Semiconductors are at the center of geopolitics. European Commissioner Theory Breton wants to support Europe through the Chips Act to double chips production by 2030. The grant structure should help to compete globally.
Theory of the European Commissioner for the Domestic Market Theory Breton did not hide his admiration for imec. The Louvain Research Center for Semiconductors looks like the queen on the geopolitical chessboard of a former French technology boss. “All chip makers on the planet have important research and development plans with imec.”
Breton wants to double European chip production by 2030. The announcement of the European mega-factory to manufacture chips in association with the American Intel is ‘a few days’.
But the rest of the world is not sitting still. On Friday, Japan allocated 6 billion euros in grants for research and production of new generation chips. The United States subsidizes chip investors to the tune of 52 52 billion. Korean Samsung has announced a multi-billion dollar investment in Texas.
Are you late with the chip frame?
Theory Breton: ‘Before the Govt crisis and the chip shortage, I argued for increasing the production of semiconductors in Europe. We know that global chip demand will double from $ 500 billion to $ 1,000 billion. Small chips ranging from 5 to 2 nanometers are made in Asia. Companies that come up with innovative technology require large investments. We welcome a wide range of investors to Europe. We provide the same support for amazing chip technology like USA and Japan. European chips law paves the way for us. ‘
Europe is at the top of the world, with the Belgian Imek, the Italian Letty and the German Franhofer. It gives us a power. We can put pressure.
Do you want to distribute subsidies for the production of chips required by the industry today?
Breton: ‘Like other countries in the world, we want to be competitive in our grants. Technological advances are important. Our competition rules allow for support for that amazing technology. But in the meantime, there are specific requirements for our industry. We will implement Section 107.3 of the European Agreements on Chips Act, which allows for greater flexibility of competition rules to improve specific industrial requirements.
We will also set up and integrate a platform for semiconductor research and development. There will be specific projects and support for the ecosystem of the large and small companies involved. ‘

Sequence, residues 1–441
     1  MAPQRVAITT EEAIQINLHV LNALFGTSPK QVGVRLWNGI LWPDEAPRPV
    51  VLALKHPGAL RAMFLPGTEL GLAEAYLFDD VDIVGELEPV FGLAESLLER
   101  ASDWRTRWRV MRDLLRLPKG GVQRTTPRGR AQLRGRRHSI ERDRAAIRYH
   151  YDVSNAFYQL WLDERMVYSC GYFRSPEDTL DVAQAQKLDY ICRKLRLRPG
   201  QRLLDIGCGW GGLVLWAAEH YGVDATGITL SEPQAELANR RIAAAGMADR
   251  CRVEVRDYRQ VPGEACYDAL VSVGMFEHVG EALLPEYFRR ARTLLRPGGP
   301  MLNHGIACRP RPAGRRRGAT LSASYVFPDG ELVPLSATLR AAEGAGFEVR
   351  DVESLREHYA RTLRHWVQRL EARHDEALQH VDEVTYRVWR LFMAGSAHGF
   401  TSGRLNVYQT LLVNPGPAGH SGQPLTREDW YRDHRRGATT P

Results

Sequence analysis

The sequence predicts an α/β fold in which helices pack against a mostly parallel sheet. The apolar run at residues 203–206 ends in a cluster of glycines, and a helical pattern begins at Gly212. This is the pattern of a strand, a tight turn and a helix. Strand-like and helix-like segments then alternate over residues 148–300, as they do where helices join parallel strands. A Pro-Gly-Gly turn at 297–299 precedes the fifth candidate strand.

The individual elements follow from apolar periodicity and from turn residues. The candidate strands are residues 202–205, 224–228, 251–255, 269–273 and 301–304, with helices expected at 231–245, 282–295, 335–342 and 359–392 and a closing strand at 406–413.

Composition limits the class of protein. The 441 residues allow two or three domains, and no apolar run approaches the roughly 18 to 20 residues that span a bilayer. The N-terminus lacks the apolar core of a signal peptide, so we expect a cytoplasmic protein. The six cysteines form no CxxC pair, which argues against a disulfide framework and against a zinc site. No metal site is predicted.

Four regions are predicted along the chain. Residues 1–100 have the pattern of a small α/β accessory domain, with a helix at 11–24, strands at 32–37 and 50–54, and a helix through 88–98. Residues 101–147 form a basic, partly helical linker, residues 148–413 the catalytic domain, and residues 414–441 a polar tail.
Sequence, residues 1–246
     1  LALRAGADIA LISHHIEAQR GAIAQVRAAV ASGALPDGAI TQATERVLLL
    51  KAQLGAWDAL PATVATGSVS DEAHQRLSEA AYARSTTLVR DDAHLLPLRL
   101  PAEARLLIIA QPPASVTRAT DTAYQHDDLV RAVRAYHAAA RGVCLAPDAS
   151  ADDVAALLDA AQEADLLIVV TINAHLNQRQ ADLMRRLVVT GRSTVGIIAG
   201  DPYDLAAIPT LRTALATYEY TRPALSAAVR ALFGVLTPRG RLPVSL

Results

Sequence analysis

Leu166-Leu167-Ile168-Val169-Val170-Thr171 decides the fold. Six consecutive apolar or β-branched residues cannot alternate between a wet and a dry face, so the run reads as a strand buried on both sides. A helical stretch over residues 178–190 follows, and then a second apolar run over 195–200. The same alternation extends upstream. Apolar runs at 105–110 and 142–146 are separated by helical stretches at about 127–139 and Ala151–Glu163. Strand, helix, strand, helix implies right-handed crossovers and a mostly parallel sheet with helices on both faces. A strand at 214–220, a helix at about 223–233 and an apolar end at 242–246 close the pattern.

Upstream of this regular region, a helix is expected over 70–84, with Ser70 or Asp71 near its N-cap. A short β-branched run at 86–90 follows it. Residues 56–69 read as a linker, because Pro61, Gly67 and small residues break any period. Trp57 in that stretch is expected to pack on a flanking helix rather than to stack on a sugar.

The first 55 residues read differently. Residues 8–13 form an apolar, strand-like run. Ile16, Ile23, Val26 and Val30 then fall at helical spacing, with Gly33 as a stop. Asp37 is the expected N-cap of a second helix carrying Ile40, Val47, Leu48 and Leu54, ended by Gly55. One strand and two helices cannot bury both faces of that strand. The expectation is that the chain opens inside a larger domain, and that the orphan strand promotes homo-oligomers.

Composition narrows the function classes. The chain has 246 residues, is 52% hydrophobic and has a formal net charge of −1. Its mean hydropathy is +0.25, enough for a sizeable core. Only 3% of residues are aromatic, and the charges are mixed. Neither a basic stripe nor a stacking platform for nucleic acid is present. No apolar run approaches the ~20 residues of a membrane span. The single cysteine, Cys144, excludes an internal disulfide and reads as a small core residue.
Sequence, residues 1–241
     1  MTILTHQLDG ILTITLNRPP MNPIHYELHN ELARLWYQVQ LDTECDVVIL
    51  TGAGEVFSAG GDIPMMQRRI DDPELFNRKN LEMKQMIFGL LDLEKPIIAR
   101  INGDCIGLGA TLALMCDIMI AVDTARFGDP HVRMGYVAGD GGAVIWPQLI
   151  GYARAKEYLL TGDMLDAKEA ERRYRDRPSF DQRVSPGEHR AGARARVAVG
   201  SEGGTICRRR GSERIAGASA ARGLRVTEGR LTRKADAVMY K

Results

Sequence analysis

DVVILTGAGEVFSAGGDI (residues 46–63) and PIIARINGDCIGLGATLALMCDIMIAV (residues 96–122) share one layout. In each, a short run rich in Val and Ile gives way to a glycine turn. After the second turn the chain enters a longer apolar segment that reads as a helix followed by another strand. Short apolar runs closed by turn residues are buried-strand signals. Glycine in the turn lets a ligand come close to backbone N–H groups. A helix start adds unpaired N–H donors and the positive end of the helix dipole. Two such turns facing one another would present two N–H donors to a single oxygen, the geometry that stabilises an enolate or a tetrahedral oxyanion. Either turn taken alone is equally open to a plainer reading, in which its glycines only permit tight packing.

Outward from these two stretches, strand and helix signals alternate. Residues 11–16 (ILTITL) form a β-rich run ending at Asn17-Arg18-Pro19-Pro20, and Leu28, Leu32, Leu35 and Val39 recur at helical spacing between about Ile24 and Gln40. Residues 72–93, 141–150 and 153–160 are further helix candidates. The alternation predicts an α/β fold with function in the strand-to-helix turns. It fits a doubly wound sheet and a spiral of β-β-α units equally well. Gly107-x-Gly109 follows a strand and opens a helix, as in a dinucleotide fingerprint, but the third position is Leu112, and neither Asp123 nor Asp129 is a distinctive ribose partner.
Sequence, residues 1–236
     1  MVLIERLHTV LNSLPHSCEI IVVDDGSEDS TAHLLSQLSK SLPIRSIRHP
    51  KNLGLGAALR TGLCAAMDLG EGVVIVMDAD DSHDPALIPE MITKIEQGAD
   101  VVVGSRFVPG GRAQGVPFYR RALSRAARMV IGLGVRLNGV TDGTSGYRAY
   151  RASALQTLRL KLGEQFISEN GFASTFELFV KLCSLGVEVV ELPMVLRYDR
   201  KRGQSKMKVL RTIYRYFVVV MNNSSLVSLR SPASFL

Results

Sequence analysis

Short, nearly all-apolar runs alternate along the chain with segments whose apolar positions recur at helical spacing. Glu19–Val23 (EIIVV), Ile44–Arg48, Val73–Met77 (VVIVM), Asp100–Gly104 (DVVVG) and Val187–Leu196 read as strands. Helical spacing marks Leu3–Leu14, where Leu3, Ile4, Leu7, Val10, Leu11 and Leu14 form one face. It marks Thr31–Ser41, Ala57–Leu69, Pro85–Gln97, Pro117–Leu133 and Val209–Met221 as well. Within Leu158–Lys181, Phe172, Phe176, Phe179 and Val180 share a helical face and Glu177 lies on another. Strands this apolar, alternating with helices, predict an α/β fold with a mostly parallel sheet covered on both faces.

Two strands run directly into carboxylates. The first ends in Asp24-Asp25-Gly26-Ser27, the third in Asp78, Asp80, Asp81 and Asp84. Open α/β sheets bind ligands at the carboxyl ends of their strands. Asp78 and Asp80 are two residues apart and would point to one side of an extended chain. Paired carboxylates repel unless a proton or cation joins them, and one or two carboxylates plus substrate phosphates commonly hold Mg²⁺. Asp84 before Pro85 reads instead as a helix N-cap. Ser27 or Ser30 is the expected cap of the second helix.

You have been arguing for some time for European autonomy for chip production. Is it realistic?
Breton: ‘The geopolitics of semiconductors is not protectionism or doing everything yourself. We need to find a good balance between our strengths and weaknesses. Europe and the United States each produce 10 percent of the chips. 80 percent happens in Asia, half of which is in Taiwan. The question is: can we catch up quickly? How much do we do in Europe and what do we outsource to Asia? For geopolitical reasons, it is best not to keep all the eggs in one basket. ‘
‘Europe is at the forefront of research and development in Europe, along with the Belgian Imek, the Italian Letty and the German Franhofer. It gives us a power. We can put pressure. During the Corona crisis, we introduced export controls on vaccines. This will allow the debate on vaccines to resume with the United States. That is autonomy. ‘
So are you learning from the vaccine crisis?
Breton: ‘We became the world’s pharmacy in a single year. No one has the experience or ability to produce the first two vaccines approved in Europe. We went from 0 to 300 million doses per month in a year. This is what you do in wartime. We are going to increase production slightly by 4 billion per year. The world’s leading vaccine coverage and the largest vaccine exporter to 51 countries.
What about other supply chains facing problems?
Breton: ‘We look at a dozen important supply chains and look for diversification. Batteries contain many more rare elements, such as lithium from China. Our European companies are competing in Chinese battery production. When I inquired in China about reopening our production, we were told that everything produced in China is subject to the Chinese market. ‘
A company that does not comply with European rules may be fined, temporarily barred from operating and, if not stopped, broken.
On Thursday, EU industry ministers approved your European rules and restrictions on key online platforms and your obligations to digital service providers.
Breton: “This is one of the most important decisions for the domestic market and the EU in many years. New rules for big technology may come into force in 2022. It is fast becoming European standards. The United States and Japan are interested in what we are doing. They are always talking in our conversations about whether big technology companies should be broken. It will not work for us, but we want to organize our European digital space economically and socially, which requires good legislation and strong sanctions. .
The technical lobby was remarkably silent about the law.
Breton: ‘Google’s internal document on how Commissioner Bretton should be sent back to work is spreading fast’ (Laughter). I talked to technology companies from the beginning and asked them not to spend money on lobbies, but to come directly to me. But my job is to write the law for European citizens, not for companies that benefit from our market. ‘
Finally: Do you see nuclear energy as a source of green energy?
Breton: ‘Europe needs to double power generation in the next thirty years. We need a lot of electricity to get the car industry out of carbon. Nuclear power accounts for 26 percent of our energy production. It is clear to me that we can not be climate neutral without nuclear power. ‘
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